Section 15.8 Change of Variables in Multiple Integrals
We have seen in Sections 15.3 and 15.7 that switching to a different coordinate system can be a powerful tool. Integrals that are intractable (or even impossible) in one coordinate system can become straightforward in another.
Changing from rectangular coordinates to polar, or cylindrical, or spherical coordinates, are special cases of a general process known as a change of variables or transformation. A change of variables should be considered in any situation where we are presented with an integral that is difficult to evaluate in rectangular coordinates.
Our goals in this section are as follows:
Understand how a change of variables affects the area element \(dA\) in a double integral, or the volume element \(dV\) in a triple integral.
Derive a general change of variables formula for multiple integrals that works for any suitable change of coordinates, including the ones we have already seen in Sections 15.3 and 15.7
Develop some basic guiding principles for knowing when a change of variables should be considered, and how to define the corresponding transformation.
Subsection 15.8.1 Review of substitution techniques
One of the situations that should be covered by our general change of variables formula is that of substitution for a definite integral in one variable, as encountered in Section 6.1, way back in Calculus I. Of course, for a definite integral in one variable, there is only one type of region of integration: a closed interval \([a,b]\text{.}\) For single integrals, our only consideration when making a change of variables is the function being integrated. Recall that substitution — at least, for indefinite integrals — is essentially an attempt to reverse the Chain Rule: given
we set \(x=T(u)\text{,}\) compute the differential \(dx = T'(u)\,du\text{,}\) and set
The formula we seek will be a generalization of this result, with one notable change in perspective: for multiple integrals, it is often the region of integration that creates most of the difficulty, and not the function being integrated. (In one variable, one closed interval is transformed into another, and we apply the Fundamental Theorem of Calculus. What we will find is that in most cases, we start on the right hand side of our analogue of Equation (15.8.1), and move to the left.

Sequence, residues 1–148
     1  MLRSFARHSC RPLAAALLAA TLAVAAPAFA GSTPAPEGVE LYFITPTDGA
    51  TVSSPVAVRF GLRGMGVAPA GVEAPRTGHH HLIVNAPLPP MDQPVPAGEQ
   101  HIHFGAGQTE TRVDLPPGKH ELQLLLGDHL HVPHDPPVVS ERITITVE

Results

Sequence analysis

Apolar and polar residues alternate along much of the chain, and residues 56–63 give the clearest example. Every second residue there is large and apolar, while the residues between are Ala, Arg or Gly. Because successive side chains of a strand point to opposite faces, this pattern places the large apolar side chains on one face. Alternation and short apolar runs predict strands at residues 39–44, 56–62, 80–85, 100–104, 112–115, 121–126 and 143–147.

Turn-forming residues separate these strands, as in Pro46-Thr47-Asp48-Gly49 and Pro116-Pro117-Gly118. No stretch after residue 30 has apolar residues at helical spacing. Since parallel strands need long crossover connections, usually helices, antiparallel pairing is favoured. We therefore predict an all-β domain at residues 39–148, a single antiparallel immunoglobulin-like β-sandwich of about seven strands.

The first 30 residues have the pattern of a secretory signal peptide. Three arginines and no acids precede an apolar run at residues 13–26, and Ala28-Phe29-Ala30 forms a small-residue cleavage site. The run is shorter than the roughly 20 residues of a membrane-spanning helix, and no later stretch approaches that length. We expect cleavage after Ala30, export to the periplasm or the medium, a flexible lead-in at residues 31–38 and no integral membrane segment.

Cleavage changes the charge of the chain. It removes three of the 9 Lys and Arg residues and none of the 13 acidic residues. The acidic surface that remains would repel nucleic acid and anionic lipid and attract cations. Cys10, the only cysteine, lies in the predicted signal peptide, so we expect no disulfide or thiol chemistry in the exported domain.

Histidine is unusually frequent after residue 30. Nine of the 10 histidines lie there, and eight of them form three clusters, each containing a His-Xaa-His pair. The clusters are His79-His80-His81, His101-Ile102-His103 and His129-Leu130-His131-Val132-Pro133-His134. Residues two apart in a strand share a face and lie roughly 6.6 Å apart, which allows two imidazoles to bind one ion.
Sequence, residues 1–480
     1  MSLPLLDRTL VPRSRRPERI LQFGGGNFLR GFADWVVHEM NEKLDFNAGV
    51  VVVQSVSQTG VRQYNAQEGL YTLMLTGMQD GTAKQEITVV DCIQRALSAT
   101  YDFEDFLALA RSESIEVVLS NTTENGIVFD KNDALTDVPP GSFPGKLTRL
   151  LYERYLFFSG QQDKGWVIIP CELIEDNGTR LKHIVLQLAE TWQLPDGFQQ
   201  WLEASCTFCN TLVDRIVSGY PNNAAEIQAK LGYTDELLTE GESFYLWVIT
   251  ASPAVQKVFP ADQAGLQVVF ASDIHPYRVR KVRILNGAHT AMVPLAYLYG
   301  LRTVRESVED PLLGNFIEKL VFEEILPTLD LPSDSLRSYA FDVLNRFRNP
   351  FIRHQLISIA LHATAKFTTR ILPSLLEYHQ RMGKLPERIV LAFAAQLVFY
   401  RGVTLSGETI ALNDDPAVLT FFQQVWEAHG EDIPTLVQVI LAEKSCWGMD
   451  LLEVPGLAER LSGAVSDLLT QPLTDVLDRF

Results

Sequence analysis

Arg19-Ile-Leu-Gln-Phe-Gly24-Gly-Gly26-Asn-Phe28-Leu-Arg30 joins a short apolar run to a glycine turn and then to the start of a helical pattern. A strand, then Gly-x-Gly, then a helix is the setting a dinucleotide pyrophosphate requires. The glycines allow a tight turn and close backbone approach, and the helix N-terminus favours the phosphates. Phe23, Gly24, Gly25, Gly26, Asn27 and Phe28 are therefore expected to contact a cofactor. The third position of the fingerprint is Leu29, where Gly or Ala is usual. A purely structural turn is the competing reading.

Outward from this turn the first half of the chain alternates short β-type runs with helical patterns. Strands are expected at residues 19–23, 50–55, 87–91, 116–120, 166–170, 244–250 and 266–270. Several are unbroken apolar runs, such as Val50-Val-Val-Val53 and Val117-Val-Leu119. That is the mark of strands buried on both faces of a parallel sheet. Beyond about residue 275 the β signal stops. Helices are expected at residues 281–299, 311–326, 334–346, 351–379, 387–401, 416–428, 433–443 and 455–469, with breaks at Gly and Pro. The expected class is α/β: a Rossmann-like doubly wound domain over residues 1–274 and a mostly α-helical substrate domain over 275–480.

Changing from polar coordinates can be viewed as the process of writing our rectangular coordinates \((x,y)\) in terms of new variables \(r\) and \(\theta\text{:}\)
Or conversely, as defining new variables \(r\) and \(\theta\) as functions of the old variables \(x\) and \(y\text{:}\)
We can think of the polar coordinate transformation as a change of variables, where we define new variables in terms of old ones, but we could also think of it as a function from the plane \(\mathbb{R}^2\) to itself. That is, we have a mapping
where \(D\) is some subset of \(\mathbb{R}^2\) (with coordinates labelled by \(r\) and \(\theta\)), and the codomain is \(\mathbb{R}^2\) with usual \((x,y)\) coordinates. As we know from Section 15.3, the polar coordinate transformation \(T\) given above transforms a rectangle such as \(D=[0,3]\times [0,2\pi]\) into a disk — in this case, the set of points \((x,y)\) with \(x^2+y^2\leq 9\text{,}\) as shown in Figure 15.8.2 below.
It is interesting to pause and consider what happens to the four sides of the rectangle \(D\) in the transformation above. (As we'll see, this particular transformation exhibits some behaviour we usually prefer to avoid!). First, the side with \(r=0\) is collapsed to a single point: the origin. The side with \(r=3\) forms the entire perimeter of the circle. What happens to the sides \(\theta=0\) and \(\theta=2\pi\text{?}\) They both get sent to the line segment from \((0,0)\) to \((3,0)\text{!}\)
These observations let us imagine transformation as a physical process: first, the left side of the rectangle is shrunk down to a single point, while the right side is simultaneously stretched by a factor of 3. (Vertical lines in between are stretched/shrunk by a factor of \(r\text{,}\) with \(0\leq r\leq 3\text{.}\)) The top of the rectangle is then bent around until it joins with the bottom.
It is perhaps easier to picture the transformation for a domain of the form \([a,b]\times [\alpha,\beta]\text{,}\) with \(0\lt a\lt b\) and \(0\leq \alpha\lt \beta\lt 2\pi\text{.}\) The case \(r\in [1,2]\text{,}\) \(\theta\in [\pi/6, \pi/3]\) is pictured in Figure 15.8.3 below.
Subsection 15.8.2 General transformations
Given a region \(R\) in the plane and an integral \(\iint_R f(x,y)\,dA\text{,}\) we will look for a domain \(D\subseteq \mathbb{R}^2\) and a function \(T:D\to \mathbb{R}^2\) of the form
that maps \(D\) onto \(R\text{,}\) which can be used to simplify our integral.
Definition 15.8.12 below specifies the properties we require for a function \(T:D\subseteq \mathbb{R}^n\to\mathbb{R}^n\) to be used to define a change of variables. To explain some of those properties, we will need the following definitions.
Definition 15.8.4. The image of a point or set.
Let \(D\subseteq \mathbb{R}^n\) be any subset, and let \(F:D\to \mathbb{R}^m\) be a function. For any point \(\mathbf{x}\in D\text{,}\) the image of \(\mathbf{x}\) under \(F\) is the point \(\mathbf{y}=F(\mathbf{x})\) in the range of \(F\text{.}\)
For any subset \(C\subseteq D\text{,}\) the image of \(C\) under \(F\) is denoted \(F(C)\) and defined by
In other words, \(\mathbf{y}\in F(C)\) if and only if \(\mathbf{y}\) is the image of \(\mathbf{x}\) for some \(\mathbf{x}\in C\text{.}\)
In particular, we denote the range (or image) of \(F\) by \(F(D)\text{.}\)